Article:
Asthma is a chronic condition of the airways or tubes of the lungs. It narrows the airways and makes it difficult to breathe.
The exact cause of asthma is not clear. It may be caused by a combination of factors including environment, genetics, and biology.
Asthma symptoms are caused by an increased sensitivity of the airways to certain triggers. The triggers cause the lining of the airways to swell and produce extra fluid called mucus. At the same time, the muscles around the outside of the airway tighten in response to the irritation. All of these reactions narrow the airways and make it difficult to breathe. This response is often referred to as an asthma attack.
Possible triggers of an asthma attack in a person with asthma include:
- Viral illness
- Cold weather
- Gastroesophageal reflux disease (GERD)
- Sulfites used in dried fruits and wine
- Medications, such as aspirin , ibuprofen , and beta-blockers
- Exposure to irritants or allergens, including:
- Cigarette smoke
- Smoke from a wood-burning stove
- Pet dander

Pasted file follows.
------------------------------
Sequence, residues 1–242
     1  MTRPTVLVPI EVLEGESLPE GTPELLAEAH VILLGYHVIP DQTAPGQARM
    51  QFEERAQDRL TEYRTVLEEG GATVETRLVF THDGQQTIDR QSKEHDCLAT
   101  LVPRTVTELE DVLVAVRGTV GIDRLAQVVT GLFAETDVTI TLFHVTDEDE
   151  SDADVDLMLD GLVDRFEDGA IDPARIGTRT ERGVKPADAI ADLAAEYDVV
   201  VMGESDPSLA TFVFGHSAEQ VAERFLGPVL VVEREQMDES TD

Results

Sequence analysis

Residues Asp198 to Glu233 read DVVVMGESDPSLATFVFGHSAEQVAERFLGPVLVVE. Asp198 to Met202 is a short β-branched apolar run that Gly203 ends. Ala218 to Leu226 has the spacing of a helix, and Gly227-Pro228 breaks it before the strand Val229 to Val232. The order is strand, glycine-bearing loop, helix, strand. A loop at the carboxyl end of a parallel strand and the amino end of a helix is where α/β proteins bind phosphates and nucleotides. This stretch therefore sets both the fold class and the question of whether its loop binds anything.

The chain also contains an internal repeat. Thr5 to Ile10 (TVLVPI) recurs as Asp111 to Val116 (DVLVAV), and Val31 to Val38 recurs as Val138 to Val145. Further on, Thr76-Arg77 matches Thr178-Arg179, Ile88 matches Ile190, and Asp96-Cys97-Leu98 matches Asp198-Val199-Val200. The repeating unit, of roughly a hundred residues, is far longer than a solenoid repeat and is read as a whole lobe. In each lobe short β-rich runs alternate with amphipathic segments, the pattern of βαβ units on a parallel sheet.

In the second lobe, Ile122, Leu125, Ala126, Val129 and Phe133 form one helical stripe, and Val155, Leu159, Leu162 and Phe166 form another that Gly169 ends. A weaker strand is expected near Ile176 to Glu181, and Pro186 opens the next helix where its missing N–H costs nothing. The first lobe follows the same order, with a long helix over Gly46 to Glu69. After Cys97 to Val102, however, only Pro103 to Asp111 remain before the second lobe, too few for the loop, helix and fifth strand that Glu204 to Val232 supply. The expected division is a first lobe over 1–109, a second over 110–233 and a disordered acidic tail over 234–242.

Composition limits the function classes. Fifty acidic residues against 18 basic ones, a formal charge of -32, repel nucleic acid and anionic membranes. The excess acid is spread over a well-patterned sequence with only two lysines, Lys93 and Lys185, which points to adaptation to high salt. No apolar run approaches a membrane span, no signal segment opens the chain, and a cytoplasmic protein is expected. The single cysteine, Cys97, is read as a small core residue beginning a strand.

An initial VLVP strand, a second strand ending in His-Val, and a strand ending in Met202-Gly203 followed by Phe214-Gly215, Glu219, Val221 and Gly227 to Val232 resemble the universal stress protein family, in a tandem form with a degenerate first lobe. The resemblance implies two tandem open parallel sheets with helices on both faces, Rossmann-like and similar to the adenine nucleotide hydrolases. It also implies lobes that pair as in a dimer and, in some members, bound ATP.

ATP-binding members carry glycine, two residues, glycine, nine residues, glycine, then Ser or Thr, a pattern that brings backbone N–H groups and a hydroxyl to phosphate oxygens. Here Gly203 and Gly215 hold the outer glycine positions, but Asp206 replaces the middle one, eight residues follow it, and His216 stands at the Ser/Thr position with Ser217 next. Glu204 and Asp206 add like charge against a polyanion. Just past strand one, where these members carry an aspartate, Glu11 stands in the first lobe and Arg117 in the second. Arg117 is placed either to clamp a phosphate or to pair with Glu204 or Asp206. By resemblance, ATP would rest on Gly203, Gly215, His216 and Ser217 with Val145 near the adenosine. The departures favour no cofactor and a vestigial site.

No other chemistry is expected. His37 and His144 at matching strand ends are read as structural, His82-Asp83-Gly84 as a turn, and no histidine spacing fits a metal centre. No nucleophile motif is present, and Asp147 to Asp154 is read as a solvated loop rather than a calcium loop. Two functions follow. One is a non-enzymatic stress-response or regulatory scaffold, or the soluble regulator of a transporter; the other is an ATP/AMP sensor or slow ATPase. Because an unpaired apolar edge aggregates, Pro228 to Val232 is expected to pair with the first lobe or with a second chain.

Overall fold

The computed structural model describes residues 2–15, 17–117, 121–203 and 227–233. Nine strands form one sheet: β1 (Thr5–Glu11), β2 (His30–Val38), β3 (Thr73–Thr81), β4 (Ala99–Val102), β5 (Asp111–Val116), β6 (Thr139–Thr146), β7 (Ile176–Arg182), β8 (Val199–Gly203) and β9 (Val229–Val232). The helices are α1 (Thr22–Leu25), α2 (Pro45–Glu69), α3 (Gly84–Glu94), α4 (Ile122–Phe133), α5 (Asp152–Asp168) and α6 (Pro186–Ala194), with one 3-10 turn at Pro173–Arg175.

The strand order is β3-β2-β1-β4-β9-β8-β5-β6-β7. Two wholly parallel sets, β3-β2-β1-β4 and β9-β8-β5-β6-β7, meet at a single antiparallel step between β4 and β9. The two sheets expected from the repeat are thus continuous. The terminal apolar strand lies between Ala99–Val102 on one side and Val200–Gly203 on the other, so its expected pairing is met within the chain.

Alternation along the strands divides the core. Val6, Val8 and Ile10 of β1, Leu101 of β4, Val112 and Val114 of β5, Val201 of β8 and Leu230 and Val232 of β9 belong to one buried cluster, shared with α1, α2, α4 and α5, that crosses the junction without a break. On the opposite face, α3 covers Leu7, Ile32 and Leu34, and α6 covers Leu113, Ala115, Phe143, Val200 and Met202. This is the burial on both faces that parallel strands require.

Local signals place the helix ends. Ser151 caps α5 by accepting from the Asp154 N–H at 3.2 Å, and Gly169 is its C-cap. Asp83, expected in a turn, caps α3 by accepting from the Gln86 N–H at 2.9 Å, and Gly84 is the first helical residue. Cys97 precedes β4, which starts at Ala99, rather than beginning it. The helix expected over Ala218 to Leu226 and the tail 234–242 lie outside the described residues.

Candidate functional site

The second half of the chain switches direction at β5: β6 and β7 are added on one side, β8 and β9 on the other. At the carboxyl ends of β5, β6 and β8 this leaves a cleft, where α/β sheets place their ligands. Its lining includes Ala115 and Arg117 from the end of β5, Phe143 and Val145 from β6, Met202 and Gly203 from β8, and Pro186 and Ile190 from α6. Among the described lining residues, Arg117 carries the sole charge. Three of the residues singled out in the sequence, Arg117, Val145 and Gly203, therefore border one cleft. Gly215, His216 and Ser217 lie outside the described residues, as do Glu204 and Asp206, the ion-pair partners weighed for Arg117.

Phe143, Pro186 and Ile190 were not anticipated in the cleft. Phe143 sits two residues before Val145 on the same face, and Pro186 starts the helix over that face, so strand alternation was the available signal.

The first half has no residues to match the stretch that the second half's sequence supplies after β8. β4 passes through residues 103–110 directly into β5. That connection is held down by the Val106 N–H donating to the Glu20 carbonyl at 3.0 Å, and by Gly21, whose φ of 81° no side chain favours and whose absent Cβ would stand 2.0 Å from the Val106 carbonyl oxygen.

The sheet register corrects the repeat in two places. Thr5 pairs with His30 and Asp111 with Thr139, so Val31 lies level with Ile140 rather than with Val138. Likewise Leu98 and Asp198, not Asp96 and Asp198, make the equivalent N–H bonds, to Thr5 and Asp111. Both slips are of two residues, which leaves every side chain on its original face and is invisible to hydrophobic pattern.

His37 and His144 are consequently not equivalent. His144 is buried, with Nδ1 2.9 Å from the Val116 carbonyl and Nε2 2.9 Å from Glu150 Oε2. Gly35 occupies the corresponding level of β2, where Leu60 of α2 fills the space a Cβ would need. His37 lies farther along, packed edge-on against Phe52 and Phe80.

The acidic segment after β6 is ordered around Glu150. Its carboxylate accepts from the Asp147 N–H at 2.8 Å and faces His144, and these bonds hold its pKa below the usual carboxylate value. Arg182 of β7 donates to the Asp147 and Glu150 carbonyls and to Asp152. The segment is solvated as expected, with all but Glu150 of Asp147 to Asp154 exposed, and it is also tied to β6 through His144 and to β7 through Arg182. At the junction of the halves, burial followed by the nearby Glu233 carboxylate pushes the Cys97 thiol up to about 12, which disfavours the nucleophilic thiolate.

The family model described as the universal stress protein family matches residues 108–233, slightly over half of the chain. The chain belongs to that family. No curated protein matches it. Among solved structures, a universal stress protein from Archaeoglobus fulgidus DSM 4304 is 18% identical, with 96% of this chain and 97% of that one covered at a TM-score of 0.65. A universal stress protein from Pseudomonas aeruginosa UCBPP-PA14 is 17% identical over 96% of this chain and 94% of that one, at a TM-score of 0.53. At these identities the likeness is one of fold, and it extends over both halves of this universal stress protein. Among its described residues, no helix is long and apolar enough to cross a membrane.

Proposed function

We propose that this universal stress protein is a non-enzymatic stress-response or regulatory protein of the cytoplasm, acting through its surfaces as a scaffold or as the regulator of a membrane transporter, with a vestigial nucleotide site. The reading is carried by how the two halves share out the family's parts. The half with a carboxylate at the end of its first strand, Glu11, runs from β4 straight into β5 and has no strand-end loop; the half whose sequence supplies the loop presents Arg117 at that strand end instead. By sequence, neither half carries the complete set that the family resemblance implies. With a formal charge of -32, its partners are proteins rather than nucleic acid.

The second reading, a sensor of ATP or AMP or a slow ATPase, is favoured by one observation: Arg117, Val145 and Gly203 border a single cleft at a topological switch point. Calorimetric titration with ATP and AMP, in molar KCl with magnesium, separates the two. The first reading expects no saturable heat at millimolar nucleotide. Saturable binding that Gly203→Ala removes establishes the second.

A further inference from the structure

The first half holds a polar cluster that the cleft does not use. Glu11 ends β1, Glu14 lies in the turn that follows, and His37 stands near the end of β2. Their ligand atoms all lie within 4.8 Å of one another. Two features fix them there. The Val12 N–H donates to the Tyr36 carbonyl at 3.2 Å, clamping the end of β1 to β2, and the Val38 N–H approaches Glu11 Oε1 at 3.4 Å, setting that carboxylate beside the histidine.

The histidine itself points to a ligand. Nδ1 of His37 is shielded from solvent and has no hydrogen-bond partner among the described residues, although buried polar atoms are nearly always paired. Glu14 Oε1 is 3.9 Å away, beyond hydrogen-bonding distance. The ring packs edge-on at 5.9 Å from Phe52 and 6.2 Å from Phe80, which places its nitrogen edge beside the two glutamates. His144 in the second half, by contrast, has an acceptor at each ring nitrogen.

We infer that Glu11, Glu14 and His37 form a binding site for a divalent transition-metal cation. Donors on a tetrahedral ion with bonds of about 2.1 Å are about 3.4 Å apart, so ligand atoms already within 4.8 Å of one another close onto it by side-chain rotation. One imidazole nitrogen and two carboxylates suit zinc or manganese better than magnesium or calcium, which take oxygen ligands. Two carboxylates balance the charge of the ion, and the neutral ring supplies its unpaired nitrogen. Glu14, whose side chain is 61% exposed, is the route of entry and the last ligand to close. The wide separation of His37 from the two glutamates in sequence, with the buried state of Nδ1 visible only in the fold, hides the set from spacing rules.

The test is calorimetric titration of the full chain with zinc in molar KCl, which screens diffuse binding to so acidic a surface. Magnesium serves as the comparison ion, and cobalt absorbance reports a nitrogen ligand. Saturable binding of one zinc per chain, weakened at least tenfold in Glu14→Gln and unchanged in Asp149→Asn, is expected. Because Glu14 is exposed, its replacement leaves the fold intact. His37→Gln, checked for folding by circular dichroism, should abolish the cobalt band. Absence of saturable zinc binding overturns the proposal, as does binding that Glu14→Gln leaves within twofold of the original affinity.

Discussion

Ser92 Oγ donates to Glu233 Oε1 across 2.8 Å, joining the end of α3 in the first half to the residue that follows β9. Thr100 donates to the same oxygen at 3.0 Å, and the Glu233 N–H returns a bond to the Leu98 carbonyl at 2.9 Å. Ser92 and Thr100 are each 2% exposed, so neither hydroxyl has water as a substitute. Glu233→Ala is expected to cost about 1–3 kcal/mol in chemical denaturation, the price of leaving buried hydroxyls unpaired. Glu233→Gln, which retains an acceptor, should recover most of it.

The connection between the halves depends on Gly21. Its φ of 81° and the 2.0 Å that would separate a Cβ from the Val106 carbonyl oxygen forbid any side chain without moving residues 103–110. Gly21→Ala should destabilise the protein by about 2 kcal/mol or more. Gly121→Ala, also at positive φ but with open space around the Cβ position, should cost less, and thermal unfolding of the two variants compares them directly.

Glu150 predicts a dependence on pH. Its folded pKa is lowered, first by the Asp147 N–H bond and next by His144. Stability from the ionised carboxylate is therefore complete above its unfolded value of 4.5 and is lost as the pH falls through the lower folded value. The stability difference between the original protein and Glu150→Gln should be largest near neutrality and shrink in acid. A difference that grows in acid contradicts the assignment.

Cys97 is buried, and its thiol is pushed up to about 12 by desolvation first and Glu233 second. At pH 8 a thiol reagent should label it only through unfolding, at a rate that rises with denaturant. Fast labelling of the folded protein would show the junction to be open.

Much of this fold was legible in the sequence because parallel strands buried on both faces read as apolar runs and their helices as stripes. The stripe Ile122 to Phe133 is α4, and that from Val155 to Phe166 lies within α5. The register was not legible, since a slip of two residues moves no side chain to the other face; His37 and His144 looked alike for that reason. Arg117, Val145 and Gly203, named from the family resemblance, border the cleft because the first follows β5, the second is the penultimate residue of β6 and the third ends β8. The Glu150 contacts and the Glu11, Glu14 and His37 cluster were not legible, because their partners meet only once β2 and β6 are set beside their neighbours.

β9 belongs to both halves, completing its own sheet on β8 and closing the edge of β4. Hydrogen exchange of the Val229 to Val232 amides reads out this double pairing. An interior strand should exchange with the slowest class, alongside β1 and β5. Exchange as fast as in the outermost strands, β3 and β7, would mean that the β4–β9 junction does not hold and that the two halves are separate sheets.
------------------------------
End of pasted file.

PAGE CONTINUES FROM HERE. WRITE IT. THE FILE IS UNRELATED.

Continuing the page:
- Mold and mildew
- Smog or air pollution
- Perfumed products
Factors that may increase you risk for asthma include:
- Regularly breathing in cigarette smoke (including second-hand smoke)
- Regularly breathing in industrial or agricultural chemicals
- A family member who has asthma
- History of multiple respiratory infections during childhood
- Being overweight
- History of wheezing or asthma as a child
- Having allergies
- Your mother smoked during pregnancy
- Tightness in the chest
- Trouble breathing
- Shortness of breath
- Chest pain
- Limited exercise tolerance, difficulty keeping up with peers
The doctor will ask about your symptoms and medical history. A physical exam will be done.
Your doctor may also do some tests to measure lung functions. They may include: